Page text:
First Dance 

Saturday’s first dance 

Song: God Bless the Broken Road 

And aren’t all roads? 



I Saw That

I’ll start right off by saying that my least favorite thing about driving is that I lose the opportunity to enjoy the scenery, take in the sights and sounds, and generally study the hundreds of people that I drive past every day. I count this as a great loss because I am not oblivious to the vast amount of interesting interactions that can be subtly observed from behind the safety of tinted windows, and I am acutely aware of the road hazard I would become were I to choose not to focus on the road itself. No matter how boring the road may be.

I became aware of this when, while teaching me to drive several years ago, the only time my father came anywhere close to raising his voice was when watching a middle aged couple rollerblade up Sheridan Road interfered with my ability to brake, as well as my awareness that the car was indeed, still moving.

Nothing happened, of course, other than a rather forceful braking. But after that, I tried to be more like a horse with blinders and less of a sightseeing people watcher while driving.

But rear-view mirrors are a gift to mankind. Especially mankind who drives more than 30 minutes each way to work and spends much of that in traffic.

That’s how I saw you.

I glanced into the mirror as I slowed, as my daddy taught me, and caught a glimpse of your face, your left hand resting casually on the steering wheel. Your brow was pulled down, ever so slightly, in the concentrated why-is-there-traffic-the-sun-is-shining-in-my-eyes-let’s-just-drive kind of expression that I imagine I wear rather frequently. My rear windshield and your front windshield worked together to tint the color right out of your face, but your short, scruffy hair rested at odd angles around your head, making you appear pleasantly approachable.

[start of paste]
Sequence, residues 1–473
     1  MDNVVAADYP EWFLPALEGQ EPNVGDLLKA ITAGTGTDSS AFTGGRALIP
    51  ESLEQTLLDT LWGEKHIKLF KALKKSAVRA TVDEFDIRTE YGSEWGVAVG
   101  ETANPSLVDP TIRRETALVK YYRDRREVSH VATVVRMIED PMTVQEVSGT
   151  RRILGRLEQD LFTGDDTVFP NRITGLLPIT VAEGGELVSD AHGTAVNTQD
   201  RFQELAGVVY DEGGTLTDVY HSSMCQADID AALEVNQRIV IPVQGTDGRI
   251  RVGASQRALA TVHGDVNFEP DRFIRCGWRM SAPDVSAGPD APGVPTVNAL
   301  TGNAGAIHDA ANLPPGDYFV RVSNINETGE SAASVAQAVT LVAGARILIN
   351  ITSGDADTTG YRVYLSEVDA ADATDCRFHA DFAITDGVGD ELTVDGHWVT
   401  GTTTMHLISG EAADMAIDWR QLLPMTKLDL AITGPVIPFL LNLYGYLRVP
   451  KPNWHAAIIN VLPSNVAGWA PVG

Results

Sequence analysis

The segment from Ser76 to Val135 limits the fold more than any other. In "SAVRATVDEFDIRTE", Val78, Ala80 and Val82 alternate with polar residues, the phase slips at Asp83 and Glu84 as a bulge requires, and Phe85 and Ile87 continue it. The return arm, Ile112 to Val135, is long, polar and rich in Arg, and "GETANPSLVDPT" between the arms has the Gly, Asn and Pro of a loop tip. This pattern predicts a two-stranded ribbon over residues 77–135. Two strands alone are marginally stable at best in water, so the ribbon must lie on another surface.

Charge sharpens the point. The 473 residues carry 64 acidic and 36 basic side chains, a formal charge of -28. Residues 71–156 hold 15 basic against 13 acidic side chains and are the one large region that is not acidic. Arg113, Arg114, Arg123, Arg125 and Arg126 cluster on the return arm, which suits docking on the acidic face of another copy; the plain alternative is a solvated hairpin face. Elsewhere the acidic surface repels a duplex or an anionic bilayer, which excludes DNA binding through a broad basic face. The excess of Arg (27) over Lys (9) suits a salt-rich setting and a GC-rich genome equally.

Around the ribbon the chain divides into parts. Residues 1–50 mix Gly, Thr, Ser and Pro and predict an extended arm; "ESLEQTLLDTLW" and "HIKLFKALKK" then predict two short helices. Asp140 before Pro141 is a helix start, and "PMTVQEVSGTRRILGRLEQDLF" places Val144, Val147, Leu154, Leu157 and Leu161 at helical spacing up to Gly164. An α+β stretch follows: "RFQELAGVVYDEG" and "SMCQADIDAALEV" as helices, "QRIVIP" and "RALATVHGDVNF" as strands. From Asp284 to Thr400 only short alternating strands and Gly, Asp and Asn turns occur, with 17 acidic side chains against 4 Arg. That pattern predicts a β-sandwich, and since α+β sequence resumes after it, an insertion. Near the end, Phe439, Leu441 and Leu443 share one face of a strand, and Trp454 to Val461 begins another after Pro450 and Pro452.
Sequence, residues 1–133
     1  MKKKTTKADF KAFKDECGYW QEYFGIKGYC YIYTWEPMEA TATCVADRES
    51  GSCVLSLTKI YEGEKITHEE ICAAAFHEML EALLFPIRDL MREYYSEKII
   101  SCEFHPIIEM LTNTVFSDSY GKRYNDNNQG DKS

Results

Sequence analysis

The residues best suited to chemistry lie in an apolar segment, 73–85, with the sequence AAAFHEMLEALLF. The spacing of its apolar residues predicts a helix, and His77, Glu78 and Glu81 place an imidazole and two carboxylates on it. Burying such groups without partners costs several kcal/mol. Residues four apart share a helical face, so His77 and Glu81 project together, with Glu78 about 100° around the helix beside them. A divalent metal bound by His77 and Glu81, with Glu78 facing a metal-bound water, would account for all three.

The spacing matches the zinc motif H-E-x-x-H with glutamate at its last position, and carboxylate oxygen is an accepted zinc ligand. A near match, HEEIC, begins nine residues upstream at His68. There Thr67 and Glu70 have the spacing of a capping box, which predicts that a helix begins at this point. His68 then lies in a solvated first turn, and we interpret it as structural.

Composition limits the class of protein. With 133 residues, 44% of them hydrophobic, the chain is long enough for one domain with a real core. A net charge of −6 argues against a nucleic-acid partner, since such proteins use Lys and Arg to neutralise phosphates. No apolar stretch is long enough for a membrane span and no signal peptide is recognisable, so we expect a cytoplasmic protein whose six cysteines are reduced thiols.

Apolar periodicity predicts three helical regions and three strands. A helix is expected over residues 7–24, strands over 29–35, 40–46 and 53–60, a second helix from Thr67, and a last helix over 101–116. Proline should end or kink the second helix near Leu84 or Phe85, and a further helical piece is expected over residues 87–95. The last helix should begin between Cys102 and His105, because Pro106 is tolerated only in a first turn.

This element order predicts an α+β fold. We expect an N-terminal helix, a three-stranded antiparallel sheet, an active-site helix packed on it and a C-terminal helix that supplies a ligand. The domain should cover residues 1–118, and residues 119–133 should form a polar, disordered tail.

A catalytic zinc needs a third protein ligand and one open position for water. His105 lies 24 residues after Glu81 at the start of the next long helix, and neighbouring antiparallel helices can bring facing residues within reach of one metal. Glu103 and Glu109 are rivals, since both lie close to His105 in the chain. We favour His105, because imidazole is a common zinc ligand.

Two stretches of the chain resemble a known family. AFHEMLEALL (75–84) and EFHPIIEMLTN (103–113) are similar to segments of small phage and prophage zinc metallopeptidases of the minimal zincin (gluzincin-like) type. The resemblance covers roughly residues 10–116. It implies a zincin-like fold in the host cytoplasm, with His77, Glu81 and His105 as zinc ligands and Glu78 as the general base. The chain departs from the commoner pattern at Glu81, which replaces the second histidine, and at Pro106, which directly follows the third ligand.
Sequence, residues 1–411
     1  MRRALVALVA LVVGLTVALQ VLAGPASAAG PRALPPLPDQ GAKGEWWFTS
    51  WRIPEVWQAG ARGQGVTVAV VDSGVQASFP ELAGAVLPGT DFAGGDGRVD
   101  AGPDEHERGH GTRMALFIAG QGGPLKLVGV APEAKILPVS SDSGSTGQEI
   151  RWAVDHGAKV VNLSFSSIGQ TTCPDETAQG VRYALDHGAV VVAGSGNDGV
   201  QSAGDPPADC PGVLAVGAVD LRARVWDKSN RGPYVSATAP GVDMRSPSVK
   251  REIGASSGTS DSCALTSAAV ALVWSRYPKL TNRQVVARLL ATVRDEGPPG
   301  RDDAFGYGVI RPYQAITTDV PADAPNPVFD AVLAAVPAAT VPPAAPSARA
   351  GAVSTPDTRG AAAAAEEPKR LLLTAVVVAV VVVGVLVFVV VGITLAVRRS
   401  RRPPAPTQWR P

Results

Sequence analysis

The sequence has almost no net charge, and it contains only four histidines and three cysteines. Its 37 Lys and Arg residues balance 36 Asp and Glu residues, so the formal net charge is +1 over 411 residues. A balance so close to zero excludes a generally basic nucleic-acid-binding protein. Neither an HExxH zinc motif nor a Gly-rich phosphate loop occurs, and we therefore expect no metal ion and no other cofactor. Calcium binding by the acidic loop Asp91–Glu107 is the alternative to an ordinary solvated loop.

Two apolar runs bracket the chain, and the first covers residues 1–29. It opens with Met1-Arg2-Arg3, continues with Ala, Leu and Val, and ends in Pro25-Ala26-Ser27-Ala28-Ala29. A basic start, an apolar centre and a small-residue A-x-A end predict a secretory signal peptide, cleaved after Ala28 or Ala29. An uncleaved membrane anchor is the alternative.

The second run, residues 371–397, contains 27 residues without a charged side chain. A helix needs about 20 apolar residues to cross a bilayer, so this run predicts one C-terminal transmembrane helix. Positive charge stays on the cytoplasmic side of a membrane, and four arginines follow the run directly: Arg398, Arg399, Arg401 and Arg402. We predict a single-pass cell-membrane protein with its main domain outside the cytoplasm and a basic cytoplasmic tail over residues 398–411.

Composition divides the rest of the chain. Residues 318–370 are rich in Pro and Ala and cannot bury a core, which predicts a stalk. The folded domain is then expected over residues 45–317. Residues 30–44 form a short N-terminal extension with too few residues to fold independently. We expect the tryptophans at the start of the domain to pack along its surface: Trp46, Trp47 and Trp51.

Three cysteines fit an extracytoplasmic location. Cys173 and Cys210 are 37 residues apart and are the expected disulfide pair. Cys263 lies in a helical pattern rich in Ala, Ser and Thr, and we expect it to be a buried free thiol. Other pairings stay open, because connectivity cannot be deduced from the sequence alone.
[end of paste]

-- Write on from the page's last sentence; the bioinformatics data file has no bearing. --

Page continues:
Eyes back on the road (where they always should be) I let my own car roll forward to fill in the gap that the infinitesimal advance of traffic had created in front of me, before glancing back to the mirror once more.

And that’s when I really smiled.

I saw you dancing.

In the time that I had driven those two yards, a worthy song had come on, and I couldn’t help but grin as I watched you move, bop your shoulders, swing your arms, and sing the lyrics to a song I could not hear. I felt the joy of your freedom expand in my chest, my traffic-heavy commute suddenly glinting with the silver lining of your personal dance party.

You couldn’t see me, didn’t know I saw you. But, in the few seconds that I watched, you happened to glance up, towards the bus in the lane beside us. The driver level with me, your own headlights stood next to the near back of the bus. I couldn’t see, but someone in that tall city bus must have caught your eye, because I watched your body still, watched the lyrics die, there on your lips. The dance was over.

The light, several cars before us, changed then, and I had to accelerate to stay with the flow of traffic. You switched lanes, sank into the blur of cars behind me, and I never saw you again.

But in those rear-view moment, I saw your dancing. I saw your goofy, your joy, your movement, and it really was the best thing that happened to me that day.

So please, don’t lose that. Keep dancing at stop lights. Keep yelling those lyrics out. Keep letting the small things be the silly things, because then, the big things start to become not so very big, not so very scary.

And we can all use a little spontaneous car dance party in our lives.


Whatever Comes Next

Friday afternoon pushing through the front door, I toss my keys on the dining table, stepping over the welcoming heap of shoes, onto the well-loved green carpet beyond.